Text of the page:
Low-cost carrier flydubai scolds IFE suppliers

Rotation

At the outset of the 2014 Airline Passenger Experience Conference in Hamburg, Germany, flydubai’s VP, inflight product expressed sincere gratitude to his IFE supplier, Lumexis Corporation, for its pivotal role in the young carrier’s mounting success and financial profitability. He then proceeded, with his next breath, to firmly scold the IFE supplier community for its failure, in general, to truly “fit the brief” when it comes to developing forward-thinking solutions that will enable airlines like flydubai to meet the evolving needs of increasingly content hungry and tech-savvy passengers.

Daniel Kerrison took the podium at 10:20 on the morning of Monday, April 7, and provided press, vendor and airlines delegates with a few facts and figures on flydubai, its relatively short history as an airline and the diversity of the region which it serves. Quite the captivating speaker, Kerrison described his airline’s “insatiable appetite for innovation”, its ultra-young all-Boeing 737 fleet (average aircraft age is just 7 years), first-generation cabin product and seating configurations, and the popularity of its recently introduced (October 2013) business class product – featuring handsome seats developed by Italian manufacturer Geven and integrated into the carrier’s newly-partitioned narrow-body cabins by TIMCO Aerosystems.

He also spent a fair portion of his time in the morning’s first plenary session telling the story of flydubai’s bold and somewhat risky decision, back in 2010, to become the first carrier to install the Lumexis Corporation’s new fibre-optic based inflight entertainment solution as a retrofit option on 44 Boeing 737’s, fresh out of production. In fact, flydubai was Lumexis’ first IFE customer … period.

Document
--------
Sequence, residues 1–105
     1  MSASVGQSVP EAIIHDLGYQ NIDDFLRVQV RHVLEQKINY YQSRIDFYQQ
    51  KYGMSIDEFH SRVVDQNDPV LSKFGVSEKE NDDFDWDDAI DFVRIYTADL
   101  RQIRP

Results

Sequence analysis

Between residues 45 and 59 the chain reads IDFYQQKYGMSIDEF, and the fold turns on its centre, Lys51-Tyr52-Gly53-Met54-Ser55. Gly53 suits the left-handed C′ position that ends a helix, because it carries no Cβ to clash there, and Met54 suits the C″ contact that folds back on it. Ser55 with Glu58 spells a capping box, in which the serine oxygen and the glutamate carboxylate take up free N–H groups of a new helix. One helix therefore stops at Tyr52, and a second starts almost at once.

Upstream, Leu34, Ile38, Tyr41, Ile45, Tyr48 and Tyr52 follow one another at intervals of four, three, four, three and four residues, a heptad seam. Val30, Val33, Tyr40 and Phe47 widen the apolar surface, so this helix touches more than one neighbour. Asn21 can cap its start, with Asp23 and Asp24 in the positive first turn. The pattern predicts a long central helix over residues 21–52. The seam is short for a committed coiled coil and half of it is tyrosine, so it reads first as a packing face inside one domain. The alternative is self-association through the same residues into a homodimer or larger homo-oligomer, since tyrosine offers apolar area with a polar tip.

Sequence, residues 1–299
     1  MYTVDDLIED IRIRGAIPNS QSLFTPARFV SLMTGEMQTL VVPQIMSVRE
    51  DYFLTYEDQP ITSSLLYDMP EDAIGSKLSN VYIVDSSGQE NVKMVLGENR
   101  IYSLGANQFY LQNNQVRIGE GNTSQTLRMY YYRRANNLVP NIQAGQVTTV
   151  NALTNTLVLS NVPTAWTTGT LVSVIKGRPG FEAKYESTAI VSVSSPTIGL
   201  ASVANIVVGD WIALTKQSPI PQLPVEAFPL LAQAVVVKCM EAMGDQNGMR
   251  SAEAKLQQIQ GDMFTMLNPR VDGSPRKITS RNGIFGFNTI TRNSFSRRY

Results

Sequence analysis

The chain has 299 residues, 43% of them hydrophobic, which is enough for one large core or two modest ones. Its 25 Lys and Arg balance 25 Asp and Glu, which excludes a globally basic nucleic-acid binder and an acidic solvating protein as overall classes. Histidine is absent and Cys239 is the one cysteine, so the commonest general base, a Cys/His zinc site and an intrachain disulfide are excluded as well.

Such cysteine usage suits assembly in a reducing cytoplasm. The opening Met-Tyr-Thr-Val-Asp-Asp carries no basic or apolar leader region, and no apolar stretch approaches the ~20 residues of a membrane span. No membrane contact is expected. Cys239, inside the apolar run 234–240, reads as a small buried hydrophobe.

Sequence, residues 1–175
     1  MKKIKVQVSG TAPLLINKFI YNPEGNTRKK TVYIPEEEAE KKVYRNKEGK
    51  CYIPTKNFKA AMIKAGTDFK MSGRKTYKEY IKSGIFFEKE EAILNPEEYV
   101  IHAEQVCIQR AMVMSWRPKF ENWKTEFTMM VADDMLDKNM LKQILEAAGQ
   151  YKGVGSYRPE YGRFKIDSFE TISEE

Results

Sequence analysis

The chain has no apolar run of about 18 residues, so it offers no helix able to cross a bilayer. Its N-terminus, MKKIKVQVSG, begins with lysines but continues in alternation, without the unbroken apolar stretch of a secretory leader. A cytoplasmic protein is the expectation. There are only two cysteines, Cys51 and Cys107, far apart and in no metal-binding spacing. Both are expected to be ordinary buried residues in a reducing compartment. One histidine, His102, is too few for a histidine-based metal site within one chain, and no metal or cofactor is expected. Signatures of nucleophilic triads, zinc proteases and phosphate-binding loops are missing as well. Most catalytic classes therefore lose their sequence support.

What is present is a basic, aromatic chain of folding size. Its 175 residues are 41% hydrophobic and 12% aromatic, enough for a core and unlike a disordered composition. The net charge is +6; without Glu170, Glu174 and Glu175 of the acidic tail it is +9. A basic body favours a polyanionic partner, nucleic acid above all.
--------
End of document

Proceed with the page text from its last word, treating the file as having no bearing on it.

“We had no idea if this thing would work. We were being asked to commit to installing this system on a fleet of 44 airplanes, which would probably fly around with it for 8-10 years, with no evidence that the system would actually work at 35,000 feet,” explained Kerrison, adding that in addition to functional uncertainties, there was another catch. “Boeing, at the time, were not the least bit interested in Lumexis Corporation. The system was not available for instillation during production, which meant for us (as the launch customer for Boeing’s wonderful new Sky Interior), that we would be buying these airplanes from Seattle, flying them over to retrofit facility somewhere, ripping out the Sky Interior, installing IFE system, piecing the airplane back together, and eventually flying it off to Dubai and into service. [Doing this to] a brand new airplane? This is not a very attractive proposition for any airline.”

Advertising a system at half the cost and one third of the weight of the traditional embedded platforms (not to mention promises of unmatched reliability), the Lumexis sales pitch was tempting enough that is prompted flydubai to conduct a detailed risk analysis on the product. Finally, said Kerrison, the airline concluded that “with this system, and only with this system, we had the possibility to neutralize the cost of providing our customers with inflight entertainment.”